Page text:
The array of column options JotForm Tables supports is extremely useful here, because you can select exactly what kind of data is stored in the column. Below are a few examples:

  • Date and time for publish date
  • Short text for video titles or links
  • Long text for additional notes
  • Checkbox to indicate if a video has been published
  • Single selection to denote the creator of the video 
  • Attachment for a video’s thumbnail image

Configuring the columns for the data I’m recording makes storing and reading my entries a seamless process.

Categorizing and combining data sets

In all the examples I’ve listed, it helps to be able to quickly identify and group certain data sets together. JotForm Tables provides easy categorization, filtering, and summarization features to help you glean key takeaways on the go.

For instance, what if I want to quickly see who’s been creating the most video content for us? Given our hundreds of deliverables, it would be an exhaustive process to go through line by line and count them.

Thankfully, there’s an easy workaround in JotForm Tables. In my video project deliverable table, I simply need to right-click into my single-selection “Creator” column and choose Summarize with a chart.

JotForm Tables will automatically generate a chart showing which creators have produced how many videos for us, broken out by the exact number of videos as well as their percentage of the total. (I can use this same feature to quickly check budget allocation across contributors in my master pitch list, as well.)

Another similar application of this functionality is sorting the master pitch list table by industry segment, so I can quickly reference publications that are aligned with a specific audience category I have in mind.

If I wanted to see only publications that reach the human resources sector, for instance, all I’d have to do is right-click into the multiple selection “Industry” column in our table and select the Group by option. JotForm Tables will automatically filter and categorize all entries in the column (technology, marketing, human resources, etc.). Then I can quickly jump to the entries for the specific industry I have in mind.

Finally, the ability to import and link integrated data sets is unique to JotForm Tables and helps tremendously when it comes to cohesive data organization. I’ve already mentioned how I can integrate Zoom reports back into our original webinar registration table, but I can also use this feature to link forms associated with pitching (e.g., “fill out this form with your quote, projected publish date,” etc.) to our master pitch list in a separate tab, so any relevant information is easily accessible right there in the same table.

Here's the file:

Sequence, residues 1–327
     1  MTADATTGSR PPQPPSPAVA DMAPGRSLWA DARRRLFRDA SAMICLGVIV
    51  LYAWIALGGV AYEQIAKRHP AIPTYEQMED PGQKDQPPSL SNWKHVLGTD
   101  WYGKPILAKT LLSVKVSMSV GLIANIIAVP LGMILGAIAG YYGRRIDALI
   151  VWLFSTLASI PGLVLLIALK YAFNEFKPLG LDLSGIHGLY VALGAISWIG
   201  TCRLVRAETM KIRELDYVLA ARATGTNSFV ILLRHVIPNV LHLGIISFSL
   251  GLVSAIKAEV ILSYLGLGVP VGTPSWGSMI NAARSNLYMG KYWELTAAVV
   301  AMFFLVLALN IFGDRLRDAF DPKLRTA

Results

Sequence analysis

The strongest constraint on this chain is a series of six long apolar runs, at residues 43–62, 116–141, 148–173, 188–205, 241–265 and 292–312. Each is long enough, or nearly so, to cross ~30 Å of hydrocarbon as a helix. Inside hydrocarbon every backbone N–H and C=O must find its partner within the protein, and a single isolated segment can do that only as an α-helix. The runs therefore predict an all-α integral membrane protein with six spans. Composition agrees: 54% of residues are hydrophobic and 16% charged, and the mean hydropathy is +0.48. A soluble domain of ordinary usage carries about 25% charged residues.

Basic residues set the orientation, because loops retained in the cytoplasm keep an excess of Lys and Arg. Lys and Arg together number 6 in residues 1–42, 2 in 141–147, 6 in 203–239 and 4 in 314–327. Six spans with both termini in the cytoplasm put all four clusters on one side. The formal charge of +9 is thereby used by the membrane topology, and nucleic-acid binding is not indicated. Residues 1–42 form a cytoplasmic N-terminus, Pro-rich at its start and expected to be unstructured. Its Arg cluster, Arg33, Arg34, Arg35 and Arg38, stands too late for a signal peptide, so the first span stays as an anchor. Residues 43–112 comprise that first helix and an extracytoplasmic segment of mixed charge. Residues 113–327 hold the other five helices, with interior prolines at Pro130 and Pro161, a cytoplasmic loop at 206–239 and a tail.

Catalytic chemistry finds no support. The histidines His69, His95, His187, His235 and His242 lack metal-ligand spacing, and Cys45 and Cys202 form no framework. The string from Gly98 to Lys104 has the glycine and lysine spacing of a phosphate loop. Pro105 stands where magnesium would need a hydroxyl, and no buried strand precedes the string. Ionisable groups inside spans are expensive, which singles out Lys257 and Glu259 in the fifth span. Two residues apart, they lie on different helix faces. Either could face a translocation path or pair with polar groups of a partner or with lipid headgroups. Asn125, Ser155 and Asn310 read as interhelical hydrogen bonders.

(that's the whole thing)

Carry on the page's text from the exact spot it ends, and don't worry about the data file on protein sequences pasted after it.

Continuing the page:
Similarly, I can link our pitch list table to our video deliverables table, so I can readily access information for all our video content creators from the same place.

With features like these (plus many more I haven’t gotten a chance to touch on), JotForm Tables makes it simple to manage increasingly complex sets of information, which is why it’s such an indispensable day-to-day tool for me. The way data can be so easily collected, integrated, and managed from external sources, forms, and other internal data sets is invaluable for the multiple projects I need to track.

These are just a handful of uses, of course, but if you haven’t dived into JotForm Tables yourself, I encourage you to check it out. It’s a tool that can do a lot of things, and it makes my job far more manageable — even as I’m working to promote it! Who knows, it may be able to do the same for you.

Have you used JotForm Tables to help stay organized for your job? If so, drop a comment below — we’d love to hear from you.

AUTHOR
Elliott is a Marketing Communications Manager at JotForm. He’s a believer in empowering individuals and small businesses through the endlessly adaptable capabilities of online forms. He’s also a believer in outdoor adventuring, balancing his diet with ice cream, and giving all dogs the love they deserve. You can reach Elliott through his contact form.